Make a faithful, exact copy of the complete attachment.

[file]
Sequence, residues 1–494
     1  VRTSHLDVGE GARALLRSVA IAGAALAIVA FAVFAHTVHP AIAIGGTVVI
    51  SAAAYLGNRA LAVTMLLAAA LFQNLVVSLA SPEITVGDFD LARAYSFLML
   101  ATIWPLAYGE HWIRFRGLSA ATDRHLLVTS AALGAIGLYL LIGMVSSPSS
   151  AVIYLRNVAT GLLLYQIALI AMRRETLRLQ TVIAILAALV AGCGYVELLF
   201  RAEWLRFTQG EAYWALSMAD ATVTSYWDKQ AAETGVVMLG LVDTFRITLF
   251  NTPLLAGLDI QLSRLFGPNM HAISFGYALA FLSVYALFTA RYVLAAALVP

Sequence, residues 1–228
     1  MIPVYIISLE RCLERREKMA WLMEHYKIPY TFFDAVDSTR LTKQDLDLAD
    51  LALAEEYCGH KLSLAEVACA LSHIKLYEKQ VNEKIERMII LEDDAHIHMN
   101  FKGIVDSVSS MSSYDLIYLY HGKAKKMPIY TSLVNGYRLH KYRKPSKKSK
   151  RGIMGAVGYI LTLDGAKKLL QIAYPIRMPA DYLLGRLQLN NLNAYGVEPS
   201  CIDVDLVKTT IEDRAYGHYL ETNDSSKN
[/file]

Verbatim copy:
Sequence, residues 1–494
     1  VRTSHLDVGE GARALLRSVA IAGAALAIVA FAVFAHTVHP AIAIGGTVVI
    51  SAAAYLGNRA LAVTMLLAAA LFQNLVVSLA SPEITVGDFD LARAYSFLML
   101  ATIWPLAYGE HWIRFRGLSA ATDRHLLVTS AALGAIGLYL LIGMVSSPSS
   151  AVIYLRNVAT GLLLYQIALI AMRRETLRLQ TVIAILAALV AGCGYVELLF
   201  RAEWLRFTQG EAYWALSMAD ATVTSYWDKQ AAETGVVMLG LVDTFRITLF
   251  NTPLLAGLDI QLSRLFGPNM HAISFGYALA FLSVYALFTA RYVLAAALVP

Sequence, residues 1–228
     1  MIPVYIISLE RCLERREKMA WLMEHYKIPY TFFDAVDSTR LTKQDLDLAD
    51  LALAEEYCGH KLSLAEVACA LSHIKLYEKQ VNEKIERMII LEDDAHIHMN
   101  FKGIVDSVSS MSSYDLIYLY HGKAKKMPIY TSLVNGYRLH KYRKPSKKSK
   151  RGIMGAVGYI LTLDGAKKLL QIAYPIRMPA DYLLGRLQLN NLNAYGVEPS
   201  CIDVDLVKTT IEDRAYGHYL ETNDSSKN